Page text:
browser icon
You are using an insecure version of your web browser. Please update your browser!
Using an outdated browser makes your computer unsafe. For a safer, faster, more enjoyable user experience, please update your browser today or try a newer browser.

It’s always darkest before the dawn

Posted by on March 14, 2013

It’s an old saying, but it’s been on our minds a lot recently. Many folks in our community have been going through a lot of darkness — grieving, depression, feelings of wandering — and we wanted to create a space in our worship to give voice to that pain. The Christian liturgical calendar is pointed that way, too: Lent is reminiscent of a time wandering in the wilderness, of fighting off those dark forces that want to take hold.

Our service last Wednesday was poignant and moving, and we want to share a few pieces of the songs, words, and messages that were shared — some nourishment for the journey:

  • Keep Your Head Up” by Ben Howard  (“Keep your head up, keep your mind set, keep your heart strong…”)
  • “Like a wild animal, the soul is tough, resilient, resourceful, savvy, and self-sufficient: it knows how to survive in hard places. I learned about these qualities during my bouts with depression. In that deadly darkness, the faculties I had always depended on collapsed. My intellect was useless; my emotions were dead; my will was impotent; my ego was shattered. But from time to time, deep in the thickets of my inner wilderness, I could sense the presence of something that knew how to stay alive even when the rest of me wanted to die. That something was my tough and tenacious soul.”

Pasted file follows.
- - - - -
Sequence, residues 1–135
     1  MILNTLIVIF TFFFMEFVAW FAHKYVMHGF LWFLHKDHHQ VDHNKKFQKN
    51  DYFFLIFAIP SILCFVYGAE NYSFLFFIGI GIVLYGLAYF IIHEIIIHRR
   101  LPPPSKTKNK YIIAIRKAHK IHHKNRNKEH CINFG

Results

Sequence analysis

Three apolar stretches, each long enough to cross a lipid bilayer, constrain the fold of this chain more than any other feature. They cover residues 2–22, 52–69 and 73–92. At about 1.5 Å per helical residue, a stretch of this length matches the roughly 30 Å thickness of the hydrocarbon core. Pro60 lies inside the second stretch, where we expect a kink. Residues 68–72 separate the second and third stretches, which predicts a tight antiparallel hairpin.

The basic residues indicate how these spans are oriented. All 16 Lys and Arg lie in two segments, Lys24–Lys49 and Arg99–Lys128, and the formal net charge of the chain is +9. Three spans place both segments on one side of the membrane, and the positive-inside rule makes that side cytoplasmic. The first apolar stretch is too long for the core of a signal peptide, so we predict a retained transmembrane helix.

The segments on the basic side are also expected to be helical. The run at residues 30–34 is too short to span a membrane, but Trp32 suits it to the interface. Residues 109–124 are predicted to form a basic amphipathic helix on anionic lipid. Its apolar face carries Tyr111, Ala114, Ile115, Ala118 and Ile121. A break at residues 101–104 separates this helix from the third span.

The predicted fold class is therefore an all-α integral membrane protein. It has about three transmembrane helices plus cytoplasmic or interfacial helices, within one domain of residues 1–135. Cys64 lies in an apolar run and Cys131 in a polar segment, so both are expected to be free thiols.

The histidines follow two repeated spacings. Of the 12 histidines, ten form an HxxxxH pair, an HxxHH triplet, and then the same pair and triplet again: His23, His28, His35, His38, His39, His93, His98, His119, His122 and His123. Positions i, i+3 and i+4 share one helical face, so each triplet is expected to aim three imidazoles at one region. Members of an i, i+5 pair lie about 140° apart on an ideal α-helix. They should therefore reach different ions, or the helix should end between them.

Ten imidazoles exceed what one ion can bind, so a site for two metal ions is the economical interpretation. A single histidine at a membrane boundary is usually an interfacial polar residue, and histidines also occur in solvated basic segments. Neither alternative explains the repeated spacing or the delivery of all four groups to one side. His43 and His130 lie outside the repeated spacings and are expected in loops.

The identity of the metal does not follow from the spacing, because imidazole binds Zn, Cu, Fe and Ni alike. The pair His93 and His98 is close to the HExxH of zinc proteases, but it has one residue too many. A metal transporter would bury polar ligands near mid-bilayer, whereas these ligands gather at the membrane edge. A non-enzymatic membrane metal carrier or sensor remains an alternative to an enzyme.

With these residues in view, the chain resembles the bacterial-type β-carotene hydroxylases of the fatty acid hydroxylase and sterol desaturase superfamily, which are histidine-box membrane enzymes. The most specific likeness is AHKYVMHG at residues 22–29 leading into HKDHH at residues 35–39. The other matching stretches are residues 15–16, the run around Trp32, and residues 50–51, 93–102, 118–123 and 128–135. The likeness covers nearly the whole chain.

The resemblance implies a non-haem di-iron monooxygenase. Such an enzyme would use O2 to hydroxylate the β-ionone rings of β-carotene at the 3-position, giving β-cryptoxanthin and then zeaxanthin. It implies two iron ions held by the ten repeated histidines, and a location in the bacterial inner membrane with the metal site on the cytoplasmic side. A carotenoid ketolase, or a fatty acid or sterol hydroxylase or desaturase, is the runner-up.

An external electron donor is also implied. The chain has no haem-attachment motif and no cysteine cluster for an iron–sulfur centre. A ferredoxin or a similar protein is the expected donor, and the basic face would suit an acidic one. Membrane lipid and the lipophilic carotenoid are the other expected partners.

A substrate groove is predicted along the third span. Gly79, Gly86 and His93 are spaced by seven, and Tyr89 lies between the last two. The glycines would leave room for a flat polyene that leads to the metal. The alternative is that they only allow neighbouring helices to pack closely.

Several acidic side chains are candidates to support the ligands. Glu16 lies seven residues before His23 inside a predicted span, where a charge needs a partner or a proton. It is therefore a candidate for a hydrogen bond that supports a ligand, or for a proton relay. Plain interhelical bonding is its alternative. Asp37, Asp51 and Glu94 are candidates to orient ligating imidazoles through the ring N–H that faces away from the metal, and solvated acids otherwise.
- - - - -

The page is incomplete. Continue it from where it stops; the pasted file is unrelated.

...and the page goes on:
― Parker J. Palmer, A Hidden Wholeness: The Journey Toward an Undivided Life 
  • Mona Lisa” by Guster (“Hadn’t the strength then, hadn’t the chance to reveal but it’s all, it’s all in your hands… When do we begin?”)
  • “Darkness doesn’t win. Love has the final word.” -Rebecca Hinds
  • Shake it Off” by Florence + The Machine   (“It’s always darkest before the dawn … Shake it out, shake it out! It’s hard to dance with a devil on your back, so shake him off!”)

We ended with singing “Guide My Feet,” which Mark Buckles introduced by saying that it could either be directed to the Divine, or to our community. It brought home the fact that even if we are going through the darkness, we are not going through it alone. We’ve got our community, and we’ve got our tough and tenacious souls.

group shot 2

Some of the tough and tenacious souls at The Sanctuary, as they tenaciously wait in line for food.

Comments are closed.